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Off The Coast Of Normandy, Britain And France Are At War Over Scallops


There was another international dispute today. This one involved insults, rocks, flayers and the English Channel. It was between French and British fishing fleets over who has the right to dredge for scallops off the coast of Normandy. Several boats collided during the incident, but no one was hurt. NPR's Eleanor Beardsley reports.

ELEANOR BEARDSLEY, BYLINE: Pillaging, bullying, piracy - these are some of the accusations French and British fishermen have hurled at each other in the last two days. The fight is over the precious giant scallop, or Coquille Saint-Jacques as they're known in French, that is fished off the coast of Normandy.


UNIDENTIFIED PERSON: (Unintelligible).

BEARDSLEY: This French news video shows British and French fishing boats colliding as their crews throw rocks and insults at each other. At issue is a law in France that prevents fishermen from gathering scallops until October 1. British fishermen aren't covered by that law. A French television crew accompanied boat captain Anthony Quesnel as he sailed out from Normandy to confront the British fishermen at 3 a.m. Wednesday morning.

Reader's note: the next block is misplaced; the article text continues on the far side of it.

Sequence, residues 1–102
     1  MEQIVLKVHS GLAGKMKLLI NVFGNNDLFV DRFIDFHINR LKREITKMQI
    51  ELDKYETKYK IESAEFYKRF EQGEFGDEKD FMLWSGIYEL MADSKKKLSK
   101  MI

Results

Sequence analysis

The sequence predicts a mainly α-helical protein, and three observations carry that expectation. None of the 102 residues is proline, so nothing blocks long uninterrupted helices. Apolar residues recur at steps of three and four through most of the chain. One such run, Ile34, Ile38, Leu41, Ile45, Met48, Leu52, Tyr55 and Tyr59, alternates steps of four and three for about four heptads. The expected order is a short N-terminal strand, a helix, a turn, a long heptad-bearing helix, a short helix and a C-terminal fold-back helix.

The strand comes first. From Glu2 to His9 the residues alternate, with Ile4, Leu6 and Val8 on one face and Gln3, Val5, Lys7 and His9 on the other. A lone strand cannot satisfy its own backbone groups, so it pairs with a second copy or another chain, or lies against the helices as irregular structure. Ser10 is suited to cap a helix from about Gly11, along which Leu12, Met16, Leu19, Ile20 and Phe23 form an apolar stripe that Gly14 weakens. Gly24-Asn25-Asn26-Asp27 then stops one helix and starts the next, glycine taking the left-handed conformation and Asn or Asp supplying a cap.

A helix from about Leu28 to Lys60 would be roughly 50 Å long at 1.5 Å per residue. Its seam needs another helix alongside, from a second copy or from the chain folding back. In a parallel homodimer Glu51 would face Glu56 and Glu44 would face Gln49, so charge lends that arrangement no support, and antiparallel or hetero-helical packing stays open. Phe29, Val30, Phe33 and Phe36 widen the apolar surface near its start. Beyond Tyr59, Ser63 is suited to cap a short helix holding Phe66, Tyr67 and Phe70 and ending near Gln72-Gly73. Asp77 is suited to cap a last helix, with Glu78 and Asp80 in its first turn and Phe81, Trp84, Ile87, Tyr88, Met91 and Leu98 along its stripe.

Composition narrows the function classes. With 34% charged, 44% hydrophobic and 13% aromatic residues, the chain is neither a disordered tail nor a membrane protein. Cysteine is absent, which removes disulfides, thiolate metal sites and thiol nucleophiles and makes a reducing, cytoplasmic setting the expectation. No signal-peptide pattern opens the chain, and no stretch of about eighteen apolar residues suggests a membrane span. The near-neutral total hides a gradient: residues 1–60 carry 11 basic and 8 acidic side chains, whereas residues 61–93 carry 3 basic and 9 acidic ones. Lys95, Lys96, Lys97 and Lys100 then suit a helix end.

ANTHONY QUESNEL: (Through interpreter) If we let them do this, they'll ravage the sector. We have quotas. They have nothing. Seven days a week they scrape for scallops a whole month before we start working. We'd like them to start with us on October 1.

BEARDSLEY: Dale Rodmell is with Britain's National Federation of Fishermen's Organizations. He says the British are entirely within their right to trawl for scallops.

DALE RODMELL: Essentially the U.K. fleets working in French waters is working entirely legally.

BEARDSLEY: Rodmell says in recent years, the British have agreed to hold back on gathering scallops until the beginning of October in exchange for other fishing rights from the French. Another British fisherman, Mike Park of the Scottish White Fish Producers Association, says they weren't able to reach an agreement with the French this year because of some rogue fishermen.

MIKE PARK: This year, they refused to strike the deal on the basis that there are a number of small, U.K. vessels that fish the area that are unregulated.

BEARDSLEY: For once, Brexit has nothing to do with this Anglo-French argument. Park says what happened at sea last night was dangerous and not the way to solve things. He says he expects that French and British fishermen will sit down to work things out in the coming days on land. Eleanor Beardsley, NPR News, Paris.


Eleanor Beardsley began reporting from France for NPR in 2004 as a freelance journalist, following all aspects of French society, politics, economics, culture and gastronomy. Since then, she has steadily worked her way to becoming an integral part of the NPR Europe reporting team.
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